“Wow. You don’t do anything by half-measure, do you?”
“I’m not going to melt a bunch of stuff. How would I even do that?”
“Astrophage. Melt anything.”
“You got me there,” I say. “But no. The heat would be too much for my life-support system to handle. That reminds me. Why do you have so much extra Astrophage?”
He pauses. “Strange story.”
I perk up. Always up for a strange story. He clicks along his tunnel and sits in a slightly wider section. “Science Eridians do much math. Calculate trip. More fuel mean faster trip. So we make much much much Astrophage.”
“How’d you make so much? Earth had a very difficult time making it.”
“Was easy. Put in metal balls with carbon dioxide. Put in ocean. Wait. Astrophage double, double, double. Much Astrophage.”
“Riiight. Because your oceans are hotter than Astrophage.”
“Yes. Earth oceans are not. Sad.”
When it comes to Astrophage manufacturing, Erid was born on third base. The whole planet is a pressure cooker. Twenty-nine atmospheres at 210 degrees Celsius means water is liquid on the surface. And their oceans are far, far hotter than the Astrophage critical temperature. They just put Astrophage in the water, let it absorb heat, and breed.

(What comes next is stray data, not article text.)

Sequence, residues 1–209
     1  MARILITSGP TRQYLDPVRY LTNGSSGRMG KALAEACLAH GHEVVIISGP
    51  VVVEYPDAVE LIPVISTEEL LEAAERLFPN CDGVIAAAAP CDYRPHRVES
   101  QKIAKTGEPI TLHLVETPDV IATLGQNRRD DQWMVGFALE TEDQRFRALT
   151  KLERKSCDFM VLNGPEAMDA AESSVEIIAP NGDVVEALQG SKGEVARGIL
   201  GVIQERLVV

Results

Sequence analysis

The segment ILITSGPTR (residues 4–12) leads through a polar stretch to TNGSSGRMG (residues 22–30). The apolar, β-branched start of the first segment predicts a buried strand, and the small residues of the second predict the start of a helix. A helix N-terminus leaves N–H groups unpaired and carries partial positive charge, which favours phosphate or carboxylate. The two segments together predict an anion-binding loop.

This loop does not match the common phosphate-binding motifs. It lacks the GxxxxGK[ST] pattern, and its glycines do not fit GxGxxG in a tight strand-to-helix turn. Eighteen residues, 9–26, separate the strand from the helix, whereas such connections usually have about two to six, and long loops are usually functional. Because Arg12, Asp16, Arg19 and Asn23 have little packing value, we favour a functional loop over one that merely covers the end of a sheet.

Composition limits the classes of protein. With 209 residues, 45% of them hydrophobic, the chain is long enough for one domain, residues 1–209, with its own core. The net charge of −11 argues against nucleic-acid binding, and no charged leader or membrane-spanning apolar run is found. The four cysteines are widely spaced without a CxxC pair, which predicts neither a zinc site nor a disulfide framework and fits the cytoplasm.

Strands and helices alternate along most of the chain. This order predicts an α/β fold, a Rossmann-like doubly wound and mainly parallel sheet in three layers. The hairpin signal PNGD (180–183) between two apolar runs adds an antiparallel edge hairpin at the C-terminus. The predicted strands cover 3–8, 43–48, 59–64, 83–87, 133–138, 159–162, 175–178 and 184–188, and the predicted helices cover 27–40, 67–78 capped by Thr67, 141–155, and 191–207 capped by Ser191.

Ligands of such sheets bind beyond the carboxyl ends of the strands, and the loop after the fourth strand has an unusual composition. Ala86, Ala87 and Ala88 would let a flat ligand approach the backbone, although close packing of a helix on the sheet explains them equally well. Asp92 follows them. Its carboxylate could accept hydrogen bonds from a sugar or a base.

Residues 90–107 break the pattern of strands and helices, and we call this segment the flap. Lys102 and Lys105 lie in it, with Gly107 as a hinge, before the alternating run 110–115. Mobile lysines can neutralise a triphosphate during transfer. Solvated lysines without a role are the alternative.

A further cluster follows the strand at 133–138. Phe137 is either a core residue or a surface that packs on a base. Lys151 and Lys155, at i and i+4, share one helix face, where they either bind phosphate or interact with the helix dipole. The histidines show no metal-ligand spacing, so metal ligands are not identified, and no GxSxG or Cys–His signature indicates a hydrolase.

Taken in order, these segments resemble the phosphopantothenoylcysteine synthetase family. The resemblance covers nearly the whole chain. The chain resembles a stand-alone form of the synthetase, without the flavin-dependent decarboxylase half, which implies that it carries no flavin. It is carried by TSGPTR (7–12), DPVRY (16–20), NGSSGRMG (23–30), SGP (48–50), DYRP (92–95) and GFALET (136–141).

I’m jealous. We had to pave the Sahara Desert to breed up our Astrophage. All they had to do was throw it in the water. The stored heat energy of Erid’s oceans is ridiculous. A whole bunch of water—multiples of Earth’s total oceans—holding a temperature around 200 degrees Celsius or more. That’s a lot of energy.
And that’s why they can take a century or so to solve the problem while Earth is going to freeze in a few decades. It’s not just their air storing heat. Their oceans store even more. Born on third base. Again.
“Science Eridians design ship and fuel requirements. Journey to take 6.64 years.”
That trips me up for a moment. 40 Eridani is ten light-years away from Tau Ceti, so you can’t get from one to the other in less than ten years from Erid’s point of view. He must mean 6.64 years of time experienced by his ship thanks to time dilation.